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Title: Interview with Eula Zetrouer McInnis
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 Material Information
Title: Interview with Eula Zetrouer McInnis
Physical Description: Book
Language: English
Creator: Cofrin, Mary Ann ( Interviewer )
Marston, Ruth C.
Publisher: Matheson Historical Museum
Place of Publication: Gainesville, Fla.
Publication Date: 1999
 Record Information
Bibliographic ID: MH00001790
Volume ID: VID00001
Source Institution: Matheson Historical Society
Holding Location: Matheson Historical Society
Rights Management: All rights reserved by the source institution and holding location.

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Table of Contents
    Title Page
        Title Page
    Interview
        Page 1
        Page 2
        Page 3
        Page 4
        Page 5
        Page 6
        Page 7
        Page 8
        Page 9
        Page 10
        Page 11
        Page 12
        Page 13
        Page 14
        Page 15
        Page 16
        Page 17
        Page 18
        Page 19
Full Text















MATHESON HISTORICAL CENTER

ORAL HISTORY PROGRAM


Interviewee:

Interviewer:

Transcriber:


Eula Zetrouer McInnis

Mary Ann Cofrin

Ruth C. Marston


January 21, 1999









Interview with Eula Zetrouer McInnis 1
January 21, 1999


C: My name is Mary Ann Cofrin. I am interviewing Eula Zetrouer Mclnnis for the
Matheson Historical Center on January 21, 1999, at her home on 5022 N.W. 34th
Street in Gainesville, Florida. Would you please give me your full name and
birthdate for the tape, please.

M: Eula Zetrouer Mclnnis. My birthdate is September 29, 1903.

C: And where were you born?

M: Near Micanopy, Florida.

C: What were your parents' names?

M: Daniel Remshart Zetrouer and Zola Leitner Zetrouer.

C: Were they both from this area?

M: Yes. My father was in the area close to Wacahoota and my mother was in the area
called

C: And your grandfather on your father's side was?

M: James Carlisle Zetrouer.

C: And he lived in this area, too?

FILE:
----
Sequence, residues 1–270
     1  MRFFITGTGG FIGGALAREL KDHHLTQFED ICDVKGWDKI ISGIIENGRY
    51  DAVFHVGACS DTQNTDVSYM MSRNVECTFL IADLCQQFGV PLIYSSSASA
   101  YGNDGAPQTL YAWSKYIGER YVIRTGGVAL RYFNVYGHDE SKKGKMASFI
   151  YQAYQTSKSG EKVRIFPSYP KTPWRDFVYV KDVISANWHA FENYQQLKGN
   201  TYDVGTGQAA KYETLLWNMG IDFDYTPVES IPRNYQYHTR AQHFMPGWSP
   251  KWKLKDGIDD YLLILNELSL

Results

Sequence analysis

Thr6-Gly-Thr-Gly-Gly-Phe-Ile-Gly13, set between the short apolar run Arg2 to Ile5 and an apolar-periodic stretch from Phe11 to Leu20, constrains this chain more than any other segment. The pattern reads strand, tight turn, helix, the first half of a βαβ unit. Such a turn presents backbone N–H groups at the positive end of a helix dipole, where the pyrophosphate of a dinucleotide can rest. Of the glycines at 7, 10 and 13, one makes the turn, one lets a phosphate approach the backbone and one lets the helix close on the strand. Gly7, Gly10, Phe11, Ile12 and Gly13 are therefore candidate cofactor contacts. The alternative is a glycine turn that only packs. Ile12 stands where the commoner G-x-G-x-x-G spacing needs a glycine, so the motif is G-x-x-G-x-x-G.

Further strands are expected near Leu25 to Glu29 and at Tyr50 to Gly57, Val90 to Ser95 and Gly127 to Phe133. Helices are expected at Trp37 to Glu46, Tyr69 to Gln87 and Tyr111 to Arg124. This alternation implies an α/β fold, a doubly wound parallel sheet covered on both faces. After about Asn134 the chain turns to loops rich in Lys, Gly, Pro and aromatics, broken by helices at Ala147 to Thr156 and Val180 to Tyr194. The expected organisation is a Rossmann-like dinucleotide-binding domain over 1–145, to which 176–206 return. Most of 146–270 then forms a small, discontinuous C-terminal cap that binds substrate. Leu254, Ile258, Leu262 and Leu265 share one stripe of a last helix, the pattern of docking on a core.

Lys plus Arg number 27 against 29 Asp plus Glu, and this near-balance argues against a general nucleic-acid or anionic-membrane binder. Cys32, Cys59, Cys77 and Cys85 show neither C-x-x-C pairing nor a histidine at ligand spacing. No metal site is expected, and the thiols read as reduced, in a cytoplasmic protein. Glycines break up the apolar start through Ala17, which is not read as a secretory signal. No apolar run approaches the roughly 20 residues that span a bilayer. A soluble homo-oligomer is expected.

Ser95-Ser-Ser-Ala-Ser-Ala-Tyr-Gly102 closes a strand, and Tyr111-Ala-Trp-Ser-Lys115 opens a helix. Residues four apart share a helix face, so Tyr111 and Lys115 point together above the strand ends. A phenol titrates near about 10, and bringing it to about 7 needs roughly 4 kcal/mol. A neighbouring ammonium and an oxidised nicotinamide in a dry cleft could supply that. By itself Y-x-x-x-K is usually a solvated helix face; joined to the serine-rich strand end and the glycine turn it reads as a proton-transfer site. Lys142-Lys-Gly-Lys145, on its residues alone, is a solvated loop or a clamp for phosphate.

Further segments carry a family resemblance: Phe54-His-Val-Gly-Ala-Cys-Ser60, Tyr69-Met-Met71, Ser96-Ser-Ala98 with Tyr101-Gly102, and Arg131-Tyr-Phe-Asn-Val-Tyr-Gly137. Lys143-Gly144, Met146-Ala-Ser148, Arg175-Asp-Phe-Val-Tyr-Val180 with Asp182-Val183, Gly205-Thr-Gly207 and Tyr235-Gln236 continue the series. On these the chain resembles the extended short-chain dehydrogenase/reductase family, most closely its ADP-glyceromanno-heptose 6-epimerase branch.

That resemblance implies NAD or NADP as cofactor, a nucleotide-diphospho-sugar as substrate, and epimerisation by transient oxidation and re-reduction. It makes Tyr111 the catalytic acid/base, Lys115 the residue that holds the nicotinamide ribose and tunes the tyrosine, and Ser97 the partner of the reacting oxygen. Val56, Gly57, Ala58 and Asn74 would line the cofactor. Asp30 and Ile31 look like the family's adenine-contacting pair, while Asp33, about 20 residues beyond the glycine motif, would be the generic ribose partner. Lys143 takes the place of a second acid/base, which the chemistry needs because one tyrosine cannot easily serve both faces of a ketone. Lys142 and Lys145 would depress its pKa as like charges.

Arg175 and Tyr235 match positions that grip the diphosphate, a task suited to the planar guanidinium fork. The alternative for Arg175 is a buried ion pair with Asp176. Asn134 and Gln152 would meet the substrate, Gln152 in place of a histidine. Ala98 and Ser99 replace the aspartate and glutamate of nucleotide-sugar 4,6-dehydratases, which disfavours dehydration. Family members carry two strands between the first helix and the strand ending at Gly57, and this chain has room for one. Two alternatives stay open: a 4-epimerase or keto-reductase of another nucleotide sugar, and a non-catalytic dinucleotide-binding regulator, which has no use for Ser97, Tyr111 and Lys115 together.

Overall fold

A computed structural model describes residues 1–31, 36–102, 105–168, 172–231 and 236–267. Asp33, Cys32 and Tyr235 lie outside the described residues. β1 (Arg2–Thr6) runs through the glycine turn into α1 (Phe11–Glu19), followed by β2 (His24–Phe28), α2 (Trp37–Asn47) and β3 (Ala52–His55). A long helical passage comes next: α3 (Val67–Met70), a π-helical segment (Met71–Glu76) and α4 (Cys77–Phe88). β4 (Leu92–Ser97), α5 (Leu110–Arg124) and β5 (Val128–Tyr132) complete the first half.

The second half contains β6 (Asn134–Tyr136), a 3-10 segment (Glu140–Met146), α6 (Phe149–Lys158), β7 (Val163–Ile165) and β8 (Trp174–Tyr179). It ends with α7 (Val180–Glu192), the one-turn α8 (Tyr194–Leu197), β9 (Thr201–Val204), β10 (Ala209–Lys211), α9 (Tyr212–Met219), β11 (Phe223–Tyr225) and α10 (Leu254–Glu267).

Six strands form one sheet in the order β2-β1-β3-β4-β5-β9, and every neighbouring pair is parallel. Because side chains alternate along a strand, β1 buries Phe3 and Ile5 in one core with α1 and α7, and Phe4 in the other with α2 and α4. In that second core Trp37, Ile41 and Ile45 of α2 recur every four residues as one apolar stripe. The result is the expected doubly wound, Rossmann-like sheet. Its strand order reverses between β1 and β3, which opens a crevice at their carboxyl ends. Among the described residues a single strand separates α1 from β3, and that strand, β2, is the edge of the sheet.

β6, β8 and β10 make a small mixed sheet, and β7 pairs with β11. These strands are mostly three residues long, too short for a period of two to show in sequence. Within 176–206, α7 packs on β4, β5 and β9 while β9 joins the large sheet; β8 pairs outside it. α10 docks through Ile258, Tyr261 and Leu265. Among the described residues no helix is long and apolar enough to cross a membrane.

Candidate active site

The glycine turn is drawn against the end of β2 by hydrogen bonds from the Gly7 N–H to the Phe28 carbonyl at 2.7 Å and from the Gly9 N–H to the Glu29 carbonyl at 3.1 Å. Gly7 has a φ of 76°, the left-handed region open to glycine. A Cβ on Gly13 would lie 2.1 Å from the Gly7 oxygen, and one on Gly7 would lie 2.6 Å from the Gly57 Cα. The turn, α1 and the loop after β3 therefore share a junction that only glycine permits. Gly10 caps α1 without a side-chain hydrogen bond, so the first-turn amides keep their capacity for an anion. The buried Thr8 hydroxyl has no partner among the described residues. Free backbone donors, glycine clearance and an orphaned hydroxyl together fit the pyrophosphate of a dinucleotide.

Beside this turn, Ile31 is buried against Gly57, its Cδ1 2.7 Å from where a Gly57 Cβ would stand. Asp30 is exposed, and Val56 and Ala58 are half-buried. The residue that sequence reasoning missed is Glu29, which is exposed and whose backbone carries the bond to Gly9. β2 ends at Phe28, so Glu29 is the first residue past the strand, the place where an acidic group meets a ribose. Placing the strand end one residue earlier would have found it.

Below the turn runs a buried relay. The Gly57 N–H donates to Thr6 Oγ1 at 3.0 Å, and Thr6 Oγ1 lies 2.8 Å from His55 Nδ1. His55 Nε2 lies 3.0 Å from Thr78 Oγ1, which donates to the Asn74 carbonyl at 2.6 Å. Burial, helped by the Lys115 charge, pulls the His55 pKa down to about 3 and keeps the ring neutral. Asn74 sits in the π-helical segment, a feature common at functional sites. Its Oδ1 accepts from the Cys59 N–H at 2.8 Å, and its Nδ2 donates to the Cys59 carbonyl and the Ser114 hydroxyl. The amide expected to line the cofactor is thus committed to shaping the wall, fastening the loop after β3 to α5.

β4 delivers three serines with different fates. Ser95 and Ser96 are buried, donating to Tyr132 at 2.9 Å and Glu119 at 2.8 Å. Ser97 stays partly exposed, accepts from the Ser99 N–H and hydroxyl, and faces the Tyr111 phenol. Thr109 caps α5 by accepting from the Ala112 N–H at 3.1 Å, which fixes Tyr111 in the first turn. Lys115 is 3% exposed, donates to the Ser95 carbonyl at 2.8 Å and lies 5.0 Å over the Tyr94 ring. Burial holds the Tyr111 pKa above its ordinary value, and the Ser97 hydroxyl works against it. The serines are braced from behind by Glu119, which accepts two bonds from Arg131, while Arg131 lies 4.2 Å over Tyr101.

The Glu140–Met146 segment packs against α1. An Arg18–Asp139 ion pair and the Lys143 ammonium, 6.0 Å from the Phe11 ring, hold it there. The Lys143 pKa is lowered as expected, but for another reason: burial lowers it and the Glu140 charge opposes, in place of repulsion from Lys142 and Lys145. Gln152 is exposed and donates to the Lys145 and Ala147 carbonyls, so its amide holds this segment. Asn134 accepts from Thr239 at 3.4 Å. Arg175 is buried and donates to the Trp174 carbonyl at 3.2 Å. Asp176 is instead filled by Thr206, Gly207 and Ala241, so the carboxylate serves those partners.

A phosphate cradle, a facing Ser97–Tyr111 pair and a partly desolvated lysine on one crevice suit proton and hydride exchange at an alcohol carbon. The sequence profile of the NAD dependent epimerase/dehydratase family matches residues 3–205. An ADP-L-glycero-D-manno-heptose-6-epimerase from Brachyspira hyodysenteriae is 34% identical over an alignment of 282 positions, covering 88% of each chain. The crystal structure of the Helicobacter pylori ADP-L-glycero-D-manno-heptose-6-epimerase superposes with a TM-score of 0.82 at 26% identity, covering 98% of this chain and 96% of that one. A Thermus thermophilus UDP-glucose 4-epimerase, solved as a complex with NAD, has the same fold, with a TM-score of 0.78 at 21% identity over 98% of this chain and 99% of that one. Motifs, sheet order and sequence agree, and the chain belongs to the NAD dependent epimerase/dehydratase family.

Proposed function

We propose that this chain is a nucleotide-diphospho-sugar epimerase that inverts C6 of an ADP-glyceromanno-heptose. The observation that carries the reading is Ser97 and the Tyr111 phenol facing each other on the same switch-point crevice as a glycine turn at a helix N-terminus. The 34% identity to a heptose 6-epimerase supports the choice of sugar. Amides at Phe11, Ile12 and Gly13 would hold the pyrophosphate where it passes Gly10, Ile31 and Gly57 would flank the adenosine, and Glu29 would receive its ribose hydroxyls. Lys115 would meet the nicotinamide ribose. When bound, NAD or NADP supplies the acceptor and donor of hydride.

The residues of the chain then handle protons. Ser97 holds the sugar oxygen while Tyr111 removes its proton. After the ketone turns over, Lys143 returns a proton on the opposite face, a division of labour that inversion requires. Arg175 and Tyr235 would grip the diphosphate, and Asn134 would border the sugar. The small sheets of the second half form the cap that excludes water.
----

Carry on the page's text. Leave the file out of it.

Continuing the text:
M: Yes, he lived in the area close to Wachahoota.

C: And he was born in this area?

M: No, he was born in Savannah, Georgia.

C: So his father, who was John Robert Zetrouer, your great-grandfather, was a Georgia
native?

M: Yes.

C: Did he and his family move to Florida later, or just your grandfather? Your
great-grandfather was the one who was written up in this thing that came from
Rotterdam? John Robert Zetrouer came from Eppingham County, Georgia, but was
originally from Rotterdam -- correct? Is he the one who came over with the
Salzburgers?









Interview with Eula Zetrouer McInnis 2
January 21, 1999



M: Yes, but they didn't come from Rotterdam. They came from
C: Well, this may be incorrect, but this paper says he was the grandson of Paula Zetrouer,
and he spells it Zieterauer. They say he left Rotterdam with the second transport of
Salzburgers. That doesn't mean they lived in Rotterdam. I guess that's what you're
saying.

M: Yes. It's all in that "Salzburger and Allied Families," but I lent that book to somebody
and I don't know where it is.

C: According to this, they arrived in Savannah, Georgia, on December 28, 1734, and settled
at Ebenezer, Georgia, which is Eppingham Camp. Later they came to Rochelle, Florida.
Is that right?

M: Much later.

C: And he was the one who had four sons, I see, and then he had several brothers that came,
too. He was married to Eliza Remshart in Savannah. She was bor in Savannah, it says
here. Does that sound right? It says she was the daughter of Daniel and Elizabeth
Remshart.

M: I don't think she was born in Savannah but near there.

C: The first ones who were in Florida -- tell me a little bit about them. They were farmers?

M: Yes, my grandfather was a farmer.

C: Mostly cattle farming?

M: They all raised cattle.

C: You say they were all down in the Micanopy area or the Wacahoota area? Where is
Wacahoota? Is it down near Micanopy?

M: Yes, it's west of Micanopy toward Archer.

C: We don't need to pinpoint where it is. Now, that was your grandfather and so your
father went into the business with your grandfather, or was it after he died?

M: No, my grandfather had two sons and when they got married, he gave each one of them
sixty acres of land and a certain number of cows. So they started out farming.









Interview with Eula Zetrouer McInnis 3
January 21, 1999


C: So they just stepped right into it. You grew up down there? Oh no, that was your
grandfather, James Carlisle, and your father inherited farmland, too. He was the one
who inherited that. Did you grow up on that farm? What was life like on the farm as a
young girl? Did you have a big family?

M: I had three brothers, but one died of diphtheria, which they can treat now, but in those
days it was hard. He died before I was born, so I don't really know much about him. I
had two living brothers, Albert and Elbert. Papa always joked and said he'd like to have
had twin sons but couldn't so he gave them twin names.

C: What was life like down on the farm?